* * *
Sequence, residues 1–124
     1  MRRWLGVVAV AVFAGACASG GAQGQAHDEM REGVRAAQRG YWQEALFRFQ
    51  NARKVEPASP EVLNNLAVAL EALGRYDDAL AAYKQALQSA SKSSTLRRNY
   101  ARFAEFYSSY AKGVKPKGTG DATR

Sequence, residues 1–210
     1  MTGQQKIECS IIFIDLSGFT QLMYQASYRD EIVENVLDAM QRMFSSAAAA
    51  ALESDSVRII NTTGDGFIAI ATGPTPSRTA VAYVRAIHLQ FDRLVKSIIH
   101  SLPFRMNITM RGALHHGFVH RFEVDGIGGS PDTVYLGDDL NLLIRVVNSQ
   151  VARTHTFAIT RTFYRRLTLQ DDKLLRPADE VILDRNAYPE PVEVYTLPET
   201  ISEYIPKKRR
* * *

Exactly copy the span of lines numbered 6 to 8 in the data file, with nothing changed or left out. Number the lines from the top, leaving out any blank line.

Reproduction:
     1  MTGQQKIECS IIFIDLSGFT QLMYQASYRD EIVENVLDAM QRMFSSAAAA
    51  ALESDSVRII NTTGDGFIAI ATGPTPSRTA VAYVRAIHLQ FDRLVKSIIH
   101  SLPFRMNITM RGALHHGFVH RFEVDGIGGS PDTVYLGDDL NLLIRVVNSQ